Last week I was able to travel to Southern Samar and assist a relief operation to survivors of the super typhoon Haiyan. Haiyan was the strongest typhoon of 2013 in the world and one of the strongest on record. It made landfall in the Philippines on November 8. Currently, the death toll is nearing 6000 and nearly 2000 people are still missing. Over 4 million people have been affected and hundreds of thousands of homes and buildings destroyed.
I traveled with the NGO Citizens Disaster Response Network. They have 30 years experience in the Philippines supporting communities to become more resilient to disasters and also providing relief and rehabilitation to disaster hit areas. They have a local member partner in the area who did all the local preparation work for the relief operation.
We drove from Manila in a convoy of two vans and five trucks. Once we arrived, our group was split with one van and two trucks continuing on to Hernani while we went to the coastal town of Marabut. Marabut has a population of 15000 people and is made up of little fishing villages along the coast. Our job was to deliver 2040 relief packs to eight of these villages. Each pack contained: 10kg Rice, 500ml Oil, 500gm dried fish, a hygiene kit, washing soap for clothes, blanket, sleeping mat and tarpaulin.
I’ve often noticed, here in the Philippines, an exceptional ability in many people to persevere amidst great trial or challenges. This was no different in the stories I heard from the people in Marabut.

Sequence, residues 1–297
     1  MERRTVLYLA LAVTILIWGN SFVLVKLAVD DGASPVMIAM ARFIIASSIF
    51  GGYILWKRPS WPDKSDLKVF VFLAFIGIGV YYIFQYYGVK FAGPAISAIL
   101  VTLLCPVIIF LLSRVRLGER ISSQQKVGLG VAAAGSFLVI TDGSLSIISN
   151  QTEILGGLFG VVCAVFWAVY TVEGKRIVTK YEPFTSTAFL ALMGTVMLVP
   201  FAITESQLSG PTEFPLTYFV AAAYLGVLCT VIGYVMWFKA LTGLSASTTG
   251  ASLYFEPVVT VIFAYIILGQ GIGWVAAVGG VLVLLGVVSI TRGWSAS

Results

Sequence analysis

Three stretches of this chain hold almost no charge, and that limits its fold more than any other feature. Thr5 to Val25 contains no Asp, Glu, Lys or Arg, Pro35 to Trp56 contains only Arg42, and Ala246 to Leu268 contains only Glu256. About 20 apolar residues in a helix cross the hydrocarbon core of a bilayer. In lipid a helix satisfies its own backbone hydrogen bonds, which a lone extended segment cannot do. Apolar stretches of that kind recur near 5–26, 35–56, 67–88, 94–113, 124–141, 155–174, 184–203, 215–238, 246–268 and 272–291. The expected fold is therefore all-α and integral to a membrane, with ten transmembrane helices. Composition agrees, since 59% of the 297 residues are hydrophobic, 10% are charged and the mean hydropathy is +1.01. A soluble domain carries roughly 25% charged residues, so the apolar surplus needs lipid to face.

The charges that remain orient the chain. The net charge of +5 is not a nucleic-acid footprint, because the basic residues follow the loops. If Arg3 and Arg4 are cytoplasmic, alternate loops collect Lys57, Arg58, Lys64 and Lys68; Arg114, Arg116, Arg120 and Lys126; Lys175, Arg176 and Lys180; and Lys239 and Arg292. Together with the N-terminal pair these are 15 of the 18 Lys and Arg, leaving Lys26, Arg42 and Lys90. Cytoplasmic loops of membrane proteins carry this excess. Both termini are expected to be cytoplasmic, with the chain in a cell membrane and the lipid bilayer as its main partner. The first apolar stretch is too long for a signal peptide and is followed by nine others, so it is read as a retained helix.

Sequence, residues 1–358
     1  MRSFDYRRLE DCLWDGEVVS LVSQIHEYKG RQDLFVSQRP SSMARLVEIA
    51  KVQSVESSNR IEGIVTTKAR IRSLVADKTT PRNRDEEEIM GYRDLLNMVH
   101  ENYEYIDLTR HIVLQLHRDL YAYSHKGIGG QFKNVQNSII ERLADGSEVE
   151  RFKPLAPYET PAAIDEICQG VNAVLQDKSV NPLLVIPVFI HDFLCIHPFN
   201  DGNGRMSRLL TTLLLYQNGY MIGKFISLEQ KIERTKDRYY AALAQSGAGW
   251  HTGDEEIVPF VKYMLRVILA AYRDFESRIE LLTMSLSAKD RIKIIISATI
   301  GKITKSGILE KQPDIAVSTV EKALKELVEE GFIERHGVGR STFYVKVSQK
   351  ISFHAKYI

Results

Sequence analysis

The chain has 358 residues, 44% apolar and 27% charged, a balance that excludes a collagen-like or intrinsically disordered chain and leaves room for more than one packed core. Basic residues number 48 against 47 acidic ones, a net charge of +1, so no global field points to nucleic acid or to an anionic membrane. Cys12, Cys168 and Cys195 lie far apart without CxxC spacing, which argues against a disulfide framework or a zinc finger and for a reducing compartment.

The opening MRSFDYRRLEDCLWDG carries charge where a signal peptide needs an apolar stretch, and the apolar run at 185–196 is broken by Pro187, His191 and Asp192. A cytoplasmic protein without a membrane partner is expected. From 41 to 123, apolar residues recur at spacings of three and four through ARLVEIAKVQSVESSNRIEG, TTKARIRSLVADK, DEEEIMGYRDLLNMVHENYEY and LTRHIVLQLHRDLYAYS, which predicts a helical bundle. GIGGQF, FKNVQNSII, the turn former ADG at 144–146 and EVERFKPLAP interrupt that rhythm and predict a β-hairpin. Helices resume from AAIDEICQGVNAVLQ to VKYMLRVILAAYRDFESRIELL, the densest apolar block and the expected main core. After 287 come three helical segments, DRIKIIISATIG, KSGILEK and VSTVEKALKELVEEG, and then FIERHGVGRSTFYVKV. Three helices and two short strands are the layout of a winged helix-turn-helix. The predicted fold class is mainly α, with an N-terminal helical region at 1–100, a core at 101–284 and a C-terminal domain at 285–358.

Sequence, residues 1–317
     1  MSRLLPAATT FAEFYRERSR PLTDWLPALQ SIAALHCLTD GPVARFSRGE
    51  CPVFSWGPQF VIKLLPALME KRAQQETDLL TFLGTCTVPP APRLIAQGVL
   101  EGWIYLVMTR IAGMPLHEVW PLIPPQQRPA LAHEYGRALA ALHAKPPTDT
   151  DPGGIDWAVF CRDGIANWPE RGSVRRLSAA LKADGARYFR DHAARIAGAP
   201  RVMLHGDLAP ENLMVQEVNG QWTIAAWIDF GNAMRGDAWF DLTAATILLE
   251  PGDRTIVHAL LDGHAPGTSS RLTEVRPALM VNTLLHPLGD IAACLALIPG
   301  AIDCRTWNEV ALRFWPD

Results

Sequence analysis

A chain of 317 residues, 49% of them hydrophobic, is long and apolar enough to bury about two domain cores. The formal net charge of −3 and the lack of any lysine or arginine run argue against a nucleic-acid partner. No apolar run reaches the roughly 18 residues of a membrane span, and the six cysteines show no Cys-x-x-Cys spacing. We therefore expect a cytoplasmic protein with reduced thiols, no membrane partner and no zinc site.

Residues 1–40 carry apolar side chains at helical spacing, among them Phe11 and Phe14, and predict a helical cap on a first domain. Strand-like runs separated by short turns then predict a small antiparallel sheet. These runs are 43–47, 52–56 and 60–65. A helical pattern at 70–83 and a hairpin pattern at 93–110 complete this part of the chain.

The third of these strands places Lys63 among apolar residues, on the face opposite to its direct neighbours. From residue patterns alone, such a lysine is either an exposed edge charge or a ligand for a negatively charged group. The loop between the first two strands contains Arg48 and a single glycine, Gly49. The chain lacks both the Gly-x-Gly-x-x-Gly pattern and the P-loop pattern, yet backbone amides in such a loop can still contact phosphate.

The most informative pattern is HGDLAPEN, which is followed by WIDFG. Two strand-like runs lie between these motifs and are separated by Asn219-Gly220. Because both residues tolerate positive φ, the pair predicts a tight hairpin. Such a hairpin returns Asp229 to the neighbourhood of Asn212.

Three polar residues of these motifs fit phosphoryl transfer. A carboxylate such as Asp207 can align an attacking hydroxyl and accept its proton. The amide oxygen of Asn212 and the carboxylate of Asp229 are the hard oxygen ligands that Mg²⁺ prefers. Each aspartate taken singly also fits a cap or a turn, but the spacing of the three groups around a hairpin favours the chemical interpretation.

Francisco is an aging man with adult children. While they are working and bringing up their families in Manila he remains in Marabut planting crops to feed himself and sell what he can for income. His house was flattened by the storm and he now uses the old roof for his living space. But he’s not angry; he says you need to carry on even though it’s difficult. God’s not to blame either he says, for God brought him into the world and is gracious in giving him each new day whatever it brings. The walk he takes to tend his crops is four kilometers but today he stayed home to receive his relief package. Tomorrow, though, he’ll head out and get on with life.
I met Jeron as he banged the last nails into a small seat he was making for his son. He tells me of the powerful storm surge that roared into the village on the morning of Nov 8. He and his family took refuge on the upper level of a house just across from his, but where he points nothing now stands. “The floor gave out,” he says, “and we all went into the water. My grandma died and my mother is still missing.”
Others I talked to said escaping to higher ground saved their lives. In one village over 1700 people took shelter in a cave high above their village and only came out once the waters had receded. Another village went to a bare hillside where they weathered the storm and pacified children terrified by the wind and rain. Now, they tell me, their children frighten easily by the wind.
Hearing these and other stories has deepened my commitment to support people as they get their lives back together. It’s also affirmed to me the importance of being disaster prepared in such a vulnerable country like the Philippines.
After assisting with a wave of relief in these communities and others throughout Samar and Leyte, CDRC has plans to support these communities rebuild their homes and livelihoods. Common needs they’ve identified are building materials for roofs, fishing boats and nets and seeds and tools for farming.
Servants has already used donations from overseas towards relief efforts and now we’d like to support this CDRC proposal for rebuilding. Please consider using your networks to help us support this work. You can make a donation here.